Site: www.prweb.com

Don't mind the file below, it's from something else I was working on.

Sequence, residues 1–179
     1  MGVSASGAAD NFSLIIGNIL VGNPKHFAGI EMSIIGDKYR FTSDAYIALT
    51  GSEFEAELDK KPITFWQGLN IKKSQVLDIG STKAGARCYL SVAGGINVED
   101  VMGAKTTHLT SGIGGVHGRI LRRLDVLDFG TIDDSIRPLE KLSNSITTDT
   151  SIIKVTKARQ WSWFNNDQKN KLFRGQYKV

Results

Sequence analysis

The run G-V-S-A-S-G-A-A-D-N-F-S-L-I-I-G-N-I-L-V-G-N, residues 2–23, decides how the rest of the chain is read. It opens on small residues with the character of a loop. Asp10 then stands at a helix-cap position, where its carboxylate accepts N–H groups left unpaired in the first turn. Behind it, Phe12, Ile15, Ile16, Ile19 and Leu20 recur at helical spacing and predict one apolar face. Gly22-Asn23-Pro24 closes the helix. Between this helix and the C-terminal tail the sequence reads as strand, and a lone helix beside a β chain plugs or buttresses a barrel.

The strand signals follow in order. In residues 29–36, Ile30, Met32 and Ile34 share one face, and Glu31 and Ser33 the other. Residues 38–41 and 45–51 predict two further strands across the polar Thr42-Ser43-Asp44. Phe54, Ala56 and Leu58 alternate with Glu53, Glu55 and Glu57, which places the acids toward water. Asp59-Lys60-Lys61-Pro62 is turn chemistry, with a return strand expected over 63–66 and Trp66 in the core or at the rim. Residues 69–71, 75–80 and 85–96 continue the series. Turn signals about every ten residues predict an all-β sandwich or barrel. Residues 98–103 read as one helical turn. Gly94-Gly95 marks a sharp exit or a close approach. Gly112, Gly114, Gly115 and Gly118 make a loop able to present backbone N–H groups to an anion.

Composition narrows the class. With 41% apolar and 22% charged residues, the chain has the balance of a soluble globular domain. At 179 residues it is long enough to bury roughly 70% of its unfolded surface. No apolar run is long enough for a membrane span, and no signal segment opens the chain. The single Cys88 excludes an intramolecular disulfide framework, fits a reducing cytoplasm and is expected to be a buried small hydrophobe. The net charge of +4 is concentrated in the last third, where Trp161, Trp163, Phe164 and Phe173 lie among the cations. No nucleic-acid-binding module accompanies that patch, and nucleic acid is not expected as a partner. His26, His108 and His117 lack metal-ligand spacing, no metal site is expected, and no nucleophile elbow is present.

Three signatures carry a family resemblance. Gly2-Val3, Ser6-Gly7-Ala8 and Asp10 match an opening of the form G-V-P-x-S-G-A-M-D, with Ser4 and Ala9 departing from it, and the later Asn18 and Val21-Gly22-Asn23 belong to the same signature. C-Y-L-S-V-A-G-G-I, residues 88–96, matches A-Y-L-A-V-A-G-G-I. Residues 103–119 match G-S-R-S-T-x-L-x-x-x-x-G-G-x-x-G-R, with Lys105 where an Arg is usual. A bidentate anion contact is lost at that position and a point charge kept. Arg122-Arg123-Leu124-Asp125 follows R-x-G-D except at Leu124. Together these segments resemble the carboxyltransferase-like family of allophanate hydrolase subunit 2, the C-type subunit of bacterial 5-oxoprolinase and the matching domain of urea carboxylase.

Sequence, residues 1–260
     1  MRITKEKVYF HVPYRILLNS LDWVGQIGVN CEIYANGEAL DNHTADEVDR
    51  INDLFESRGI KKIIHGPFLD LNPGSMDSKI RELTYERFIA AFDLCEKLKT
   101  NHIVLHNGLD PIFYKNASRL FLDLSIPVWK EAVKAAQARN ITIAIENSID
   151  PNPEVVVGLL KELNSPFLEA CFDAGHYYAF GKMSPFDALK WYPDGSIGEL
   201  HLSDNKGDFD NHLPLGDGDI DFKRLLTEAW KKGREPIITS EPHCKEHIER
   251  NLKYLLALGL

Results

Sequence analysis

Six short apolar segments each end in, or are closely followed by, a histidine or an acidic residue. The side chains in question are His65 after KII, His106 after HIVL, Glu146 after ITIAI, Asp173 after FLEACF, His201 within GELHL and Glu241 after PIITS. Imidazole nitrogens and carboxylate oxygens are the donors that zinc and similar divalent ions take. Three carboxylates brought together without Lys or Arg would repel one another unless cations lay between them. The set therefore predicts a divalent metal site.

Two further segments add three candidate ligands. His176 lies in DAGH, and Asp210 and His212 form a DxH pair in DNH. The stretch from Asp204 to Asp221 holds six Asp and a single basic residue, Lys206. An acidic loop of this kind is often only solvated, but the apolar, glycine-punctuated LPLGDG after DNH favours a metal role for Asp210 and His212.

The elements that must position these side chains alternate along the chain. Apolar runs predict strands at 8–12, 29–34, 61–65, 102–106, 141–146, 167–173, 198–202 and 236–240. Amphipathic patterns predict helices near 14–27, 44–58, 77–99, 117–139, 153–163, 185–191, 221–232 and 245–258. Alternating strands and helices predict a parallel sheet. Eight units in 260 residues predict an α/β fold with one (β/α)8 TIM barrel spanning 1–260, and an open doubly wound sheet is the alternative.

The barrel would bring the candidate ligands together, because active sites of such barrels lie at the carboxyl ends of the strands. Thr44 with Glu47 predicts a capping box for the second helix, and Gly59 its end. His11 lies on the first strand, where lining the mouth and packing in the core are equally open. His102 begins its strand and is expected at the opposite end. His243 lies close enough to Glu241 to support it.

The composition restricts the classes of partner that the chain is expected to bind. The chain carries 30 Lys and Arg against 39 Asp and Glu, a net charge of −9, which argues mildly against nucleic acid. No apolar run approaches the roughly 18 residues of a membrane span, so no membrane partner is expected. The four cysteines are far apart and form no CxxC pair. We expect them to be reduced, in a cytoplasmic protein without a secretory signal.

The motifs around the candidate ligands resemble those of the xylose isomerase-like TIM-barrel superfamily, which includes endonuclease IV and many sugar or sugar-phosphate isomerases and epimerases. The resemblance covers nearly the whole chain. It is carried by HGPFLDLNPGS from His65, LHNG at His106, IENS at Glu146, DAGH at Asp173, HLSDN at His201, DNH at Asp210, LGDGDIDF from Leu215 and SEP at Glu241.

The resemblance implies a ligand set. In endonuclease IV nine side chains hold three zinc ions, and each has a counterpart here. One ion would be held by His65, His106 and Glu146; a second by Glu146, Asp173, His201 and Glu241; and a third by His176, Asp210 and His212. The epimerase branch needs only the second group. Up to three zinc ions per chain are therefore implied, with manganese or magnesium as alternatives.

Last month, representatives from Rendina Healthcare Real Estate joined Clara Maass Medical Center CEO Mary Ellen, hospital employees, and town officials to celebrate the grand opening of the 87,000 square foot medical office/ICU addition in Belleville. The facility was developed by Rendina as part of its ongoing relationship with RWJBarnabas Health, New Jersey’s largest health system. Two years after breaking ground in early 2015, the new ICU addition opened to patients in April. As the new front entrance to the hospital, the facility houses 43,000 square feet of Class-A physician office space and a state-of-the-art, 32-bed ICU, among other amenities. Speaking at the ceremony, Hospital CEO Mary Ellen Clyne highlighted benefits the ambitious expansion will provide to the community. “Whether the patients would stay here or need service that would require going to one of our affiliate hospitals, such as a trauma center or burn unit, we can take care of anyone who would come through the doors,” said Ms. Clyne. Steve Barry, Executive Vice President of Business Development and Leasing for Rendina, praised the collaborative effort need to complete such a monumental task. “To see such an important project become a reality is incredibly rewarding for our team. We are proud to partner with RWJBarnabas Health on a new facility that will further enhance the high quality care that is provided at Clara Maass Medical Center.” Located in Belleville, N.J., Clara Maass Medical Center, an RWJBarnabas Health facility, provides a complete continuum of care to residents of northern New Jersey. Clara Maass’ centers and services include The Health and Wellness Center, Nuclear Medicine, The Cancer Center at Clara Maass, Adult Cardiac Services including Diagnostic Services, Cardiac Catheterization, Elective and Emergency Angioplasty and Rehabilitation, The Pain Management Center, The Joint & Spine Institute, a Vascular Center, Same Day Surgery, The Wound Center at Clara Maass, The Center for Sleep Disorders, The Bariatric Surgery Center, Rehabilitation Services, The Eye Surgery Center, Maternity Services and Parent Education, as well as Pediatrics. Clara Maass is an eight-time recipient of the A-rated Hospital Safety score from The Leap Frog Group, an independent national nonprofit group measuring hospital safety and quality. For more information about Clara Maass Medical Center, visit barnabashealth.org/claramaass. Rendina is a trusted national leader in healthcare real estate, providing a full-service platform that includes design, development, acquisition, leasing and management. Rendina has developed more than 7.5 million square feet of real estate throughout the country. Rendina has offices in Jupiter, Fla.; Dallas; Tucson, Ariz.; Solana Beach, Calif.; Cincinnati; Charlotte, N.C.; and Livingston, N.J. For information or questions, please contact Stephen Barry, Executive Vice President of Leasing, at 866-630-5055; or visit rendina.com.